The Stacks project

Lemma 76.12.5. Let $B \to S$ as in Section 76.3. Let $(U, R, s, t, c)$ be a groupoid in algebraic spaces over $B$. If $s$, $t$ are flat, then the category of quasi-coherent modules on $(U, R, s, t, c)$ is abelian.

Proof. Let $\varphi : (\mathcal{F}, \alpha ) \to (\mathcal{G}, \beta )$ be a homomorphism of quasi-coherent modules on $(U, R, s, t, c)$. Since $s$ is flat we see that

\[ 0 \to s^*\mathop{\mathrm{Ker}}(\varphi ) \to s^*\mathcal{F} \to s^*\mathcal{G} \to s^*\mathop{\mathrm{Coker}}(\varphi ) \to 0 \]

is exact and similarly for pullback by $t$. Hence $\alpha $ and $\beta $ induce isomorphisms $\kappa : t^*\mathop{\mathrm{Ker}}(\varphi ) \to s^*\mathop{\mathrm{Ker}}(\varphi )$ and $\lambda : t^*\mathop{\mathrm{Coker}}(\varphi ) \to s^*\mathop{\mathrm{Coker}}(\varphi )$ which satisfy the cocycle condition. Then it is straightforward to verify that $(\mathop{\mathrm{Ker}}(\varphi ), \kappa )$ and $(\mathop{\mathrm{Coker}}(\varphi ), \lambda )$ are a kernel and cokernel in the category of quasi-coherent modules on $(U, R, s, t, c)$. Moreover, the condition $\mathop{\mathrm{Coim}}(\varphi ) = \mathop{\mathrm{Im}}(\varphi )$ follows because it holds over $U$. $\square$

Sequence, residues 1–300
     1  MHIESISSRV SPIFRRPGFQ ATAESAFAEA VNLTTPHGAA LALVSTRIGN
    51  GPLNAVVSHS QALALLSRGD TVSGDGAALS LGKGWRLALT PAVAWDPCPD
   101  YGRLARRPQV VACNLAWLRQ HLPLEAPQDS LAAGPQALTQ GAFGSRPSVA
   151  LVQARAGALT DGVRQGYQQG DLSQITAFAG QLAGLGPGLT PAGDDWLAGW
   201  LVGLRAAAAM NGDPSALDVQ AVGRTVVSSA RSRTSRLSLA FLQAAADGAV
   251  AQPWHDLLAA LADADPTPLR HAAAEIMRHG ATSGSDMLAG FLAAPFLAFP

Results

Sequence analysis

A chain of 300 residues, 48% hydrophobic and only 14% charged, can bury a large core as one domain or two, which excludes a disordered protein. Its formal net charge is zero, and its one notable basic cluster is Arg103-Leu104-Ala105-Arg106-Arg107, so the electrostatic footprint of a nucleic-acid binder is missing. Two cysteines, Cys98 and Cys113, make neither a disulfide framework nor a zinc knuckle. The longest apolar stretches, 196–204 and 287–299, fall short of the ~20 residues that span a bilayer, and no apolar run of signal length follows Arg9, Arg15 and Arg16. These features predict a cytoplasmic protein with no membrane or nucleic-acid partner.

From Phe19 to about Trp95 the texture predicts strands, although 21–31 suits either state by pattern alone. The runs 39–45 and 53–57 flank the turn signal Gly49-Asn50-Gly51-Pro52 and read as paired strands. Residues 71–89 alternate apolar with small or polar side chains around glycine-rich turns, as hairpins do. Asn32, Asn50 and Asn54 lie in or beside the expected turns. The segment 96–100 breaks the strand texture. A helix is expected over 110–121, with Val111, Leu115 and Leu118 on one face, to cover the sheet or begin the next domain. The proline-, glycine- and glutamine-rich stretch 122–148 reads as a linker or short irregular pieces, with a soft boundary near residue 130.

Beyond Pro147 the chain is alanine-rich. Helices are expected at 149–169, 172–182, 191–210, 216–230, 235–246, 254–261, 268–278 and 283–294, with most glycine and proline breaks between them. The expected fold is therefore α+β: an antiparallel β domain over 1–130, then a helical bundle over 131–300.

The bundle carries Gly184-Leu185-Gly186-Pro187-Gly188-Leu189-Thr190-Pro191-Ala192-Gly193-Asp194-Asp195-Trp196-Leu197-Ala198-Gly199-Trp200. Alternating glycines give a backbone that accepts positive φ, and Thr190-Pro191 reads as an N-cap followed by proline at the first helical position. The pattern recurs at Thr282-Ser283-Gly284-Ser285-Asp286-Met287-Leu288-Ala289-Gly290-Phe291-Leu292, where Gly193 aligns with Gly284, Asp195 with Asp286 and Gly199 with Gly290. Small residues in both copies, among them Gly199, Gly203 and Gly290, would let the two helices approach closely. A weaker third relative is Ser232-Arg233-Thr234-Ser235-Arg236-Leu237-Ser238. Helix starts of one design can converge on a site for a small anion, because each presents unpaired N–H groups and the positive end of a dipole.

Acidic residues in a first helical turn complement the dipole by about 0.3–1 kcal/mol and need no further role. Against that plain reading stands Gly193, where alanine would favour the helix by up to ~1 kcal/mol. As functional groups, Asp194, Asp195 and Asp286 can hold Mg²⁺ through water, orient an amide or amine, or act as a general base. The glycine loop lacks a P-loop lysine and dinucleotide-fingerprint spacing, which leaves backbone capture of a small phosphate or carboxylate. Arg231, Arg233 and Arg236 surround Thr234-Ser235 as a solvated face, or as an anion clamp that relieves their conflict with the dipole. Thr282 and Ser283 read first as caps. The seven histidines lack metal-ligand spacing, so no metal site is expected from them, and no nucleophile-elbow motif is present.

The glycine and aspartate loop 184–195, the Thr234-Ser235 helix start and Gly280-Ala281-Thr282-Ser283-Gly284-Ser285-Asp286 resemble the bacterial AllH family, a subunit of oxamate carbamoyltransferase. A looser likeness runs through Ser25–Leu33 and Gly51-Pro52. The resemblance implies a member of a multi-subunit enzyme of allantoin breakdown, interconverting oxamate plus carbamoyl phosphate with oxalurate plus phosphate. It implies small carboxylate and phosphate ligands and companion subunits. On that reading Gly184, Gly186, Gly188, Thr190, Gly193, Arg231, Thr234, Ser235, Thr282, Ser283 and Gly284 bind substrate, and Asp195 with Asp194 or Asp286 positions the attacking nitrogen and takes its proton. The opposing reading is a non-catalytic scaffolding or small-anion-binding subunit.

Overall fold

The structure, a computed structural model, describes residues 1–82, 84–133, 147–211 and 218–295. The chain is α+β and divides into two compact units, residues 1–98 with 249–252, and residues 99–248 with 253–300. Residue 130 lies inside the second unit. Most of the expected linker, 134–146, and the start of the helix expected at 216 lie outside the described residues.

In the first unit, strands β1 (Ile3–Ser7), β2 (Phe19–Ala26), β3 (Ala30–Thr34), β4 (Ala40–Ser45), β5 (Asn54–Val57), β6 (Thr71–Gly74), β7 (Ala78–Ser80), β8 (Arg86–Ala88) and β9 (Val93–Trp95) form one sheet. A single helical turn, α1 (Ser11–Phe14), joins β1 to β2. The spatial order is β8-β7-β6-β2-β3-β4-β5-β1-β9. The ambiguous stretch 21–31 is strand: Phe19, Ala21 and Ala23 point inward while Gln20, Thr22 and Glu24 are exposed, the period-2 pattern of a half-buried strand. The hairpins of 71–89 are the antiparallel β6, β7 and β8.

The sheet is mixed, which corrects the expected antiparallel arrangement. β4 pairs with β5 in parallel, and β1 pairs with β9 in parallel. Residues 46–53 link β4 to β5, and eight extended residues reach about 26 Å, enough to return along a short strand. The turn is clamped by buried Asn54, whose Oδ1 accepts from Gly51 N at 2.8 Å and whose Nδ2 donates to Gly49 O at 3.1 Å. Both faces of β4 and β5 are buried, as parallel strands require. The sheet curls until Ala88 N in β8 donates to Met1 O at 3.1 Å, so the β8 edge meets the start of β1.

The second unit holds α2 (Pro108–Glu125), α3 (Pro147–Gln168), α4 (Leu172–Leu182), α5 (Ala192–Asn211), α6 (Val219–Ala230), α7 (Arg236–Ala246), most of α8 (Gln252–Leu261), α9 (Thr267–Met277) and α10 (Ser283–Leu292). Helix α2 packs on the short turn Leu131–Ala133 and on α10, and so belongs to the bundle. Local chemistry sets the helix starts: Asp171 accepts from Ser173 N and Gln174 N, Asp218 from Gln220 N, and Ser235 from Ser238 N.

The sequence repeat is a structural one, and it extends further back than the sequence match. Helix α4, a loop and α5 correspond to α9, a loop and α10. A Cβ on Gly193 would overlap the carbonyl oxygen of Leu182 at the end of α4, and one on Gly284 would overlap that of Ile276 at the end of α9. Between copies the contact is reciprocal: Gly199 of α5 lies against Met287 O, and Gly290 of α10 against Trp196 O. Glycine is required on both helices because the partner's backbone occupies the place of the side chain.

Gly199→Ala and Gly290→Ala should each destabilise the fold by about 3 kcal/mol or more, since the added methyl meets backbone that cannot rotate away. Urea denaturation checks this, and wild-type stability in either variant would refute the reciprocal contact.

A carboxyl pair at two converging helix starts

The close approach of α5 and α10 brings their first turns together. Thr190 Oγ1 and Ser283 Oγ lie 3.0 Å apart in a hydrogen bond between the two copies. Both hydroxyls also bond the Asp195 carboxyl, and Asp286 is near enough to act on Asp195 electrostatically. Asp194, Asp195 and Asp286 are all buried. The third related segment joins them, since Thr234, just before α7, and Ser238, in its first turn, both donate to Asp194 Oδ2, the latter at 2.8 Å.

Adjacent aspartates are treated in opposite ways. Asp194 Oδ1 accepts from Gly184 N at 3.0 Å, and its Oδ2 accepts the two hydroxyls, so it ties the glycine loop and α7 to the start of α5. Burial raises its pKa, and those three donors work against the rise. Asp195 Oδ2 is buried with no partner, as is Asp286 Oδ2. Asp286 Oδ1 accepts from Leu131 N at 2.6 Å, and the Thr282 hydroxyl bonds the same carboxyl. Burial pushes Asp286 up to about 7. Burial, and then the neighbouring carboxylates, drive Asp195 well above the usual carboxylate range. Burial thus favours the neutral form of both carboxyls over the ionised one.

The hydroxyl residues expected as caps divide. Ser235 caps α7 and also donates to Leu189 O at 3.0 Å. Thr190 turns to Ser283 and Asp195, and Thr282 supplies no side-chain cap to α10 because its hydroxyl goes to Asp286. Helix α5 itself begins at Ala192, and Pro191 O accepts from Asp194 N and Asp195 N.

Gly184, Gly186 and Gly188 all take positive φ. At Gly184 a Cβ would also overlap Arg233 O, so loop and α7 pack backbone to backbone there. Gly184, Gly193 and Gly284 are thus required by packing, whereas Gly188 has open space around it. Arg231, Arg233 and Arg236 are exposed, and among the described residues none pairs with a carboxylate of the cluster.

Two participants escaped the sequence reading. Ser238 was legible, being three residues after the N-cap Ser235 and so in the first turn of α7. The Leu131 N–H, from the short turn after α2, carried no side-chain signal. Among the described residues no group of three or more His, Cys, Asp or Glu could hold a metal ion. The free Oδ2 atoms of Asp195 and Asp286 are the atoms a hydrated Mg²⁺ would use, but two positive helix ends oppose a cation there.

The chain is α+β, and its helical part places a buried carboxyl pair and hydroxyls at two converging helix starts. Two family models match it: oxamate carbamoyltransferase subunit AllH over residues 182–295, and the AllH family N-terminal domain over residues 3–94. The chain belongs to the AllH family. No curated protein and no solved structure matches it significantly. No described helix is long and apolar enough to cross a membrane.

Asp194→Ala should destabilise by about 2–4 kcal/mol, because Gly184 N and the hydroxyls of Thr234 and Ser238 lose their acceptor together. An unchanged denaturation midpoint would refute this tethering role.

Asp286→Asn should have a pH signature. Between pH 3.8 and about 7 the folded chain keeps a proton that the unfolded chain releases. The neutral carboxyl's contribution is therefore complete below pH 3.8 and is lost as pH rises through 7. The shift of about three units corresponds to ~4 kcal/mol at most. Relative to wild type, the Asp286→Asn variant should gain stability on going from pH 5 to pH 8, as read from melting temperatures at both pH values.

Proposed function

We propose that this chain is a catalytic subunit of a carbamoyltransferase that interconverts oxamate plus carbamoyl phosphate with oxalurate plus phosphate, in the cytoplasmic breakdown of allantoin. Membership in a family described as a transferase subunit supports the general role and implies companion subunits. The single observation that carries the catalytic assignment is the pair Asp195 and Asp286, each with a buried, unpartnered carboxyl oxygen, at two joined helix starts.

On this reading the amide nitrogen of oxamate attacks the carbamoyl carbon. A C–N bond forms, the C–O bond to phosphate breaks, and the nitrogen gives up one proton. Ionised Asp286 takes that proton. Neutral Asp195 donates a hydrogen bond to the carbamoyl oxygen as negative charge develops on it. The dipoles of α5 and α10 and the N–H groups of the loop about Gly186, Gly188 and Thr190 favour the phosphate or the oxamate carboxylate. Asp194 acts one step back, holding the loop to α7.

Comments (0)

There are also:

  • 2 comment(s) on Section 76.12: Quasi-coherent sheaves on groupoids

Post a comment

Your email address will not be published. Required fields are marked.

In your comment you can use Markdown and LaTeX style mathematics (enclose it like $\pi$). A preview option is available if you wish to see how it works out (just click on the eye in the toolbar).

Unfortunately JavaScript is disabled in your browser, so the comment preview function will not work.

All contributions are licensed under the GNU Free Documentation License.




In order to prevent bots from posting comments, we would like you to prove that you are human. You can do this by filling in the name of the current tag in the following input field. As a reminder, this is tag 06VZ. Beware of the difference between the letter 'O' and the digit '0'.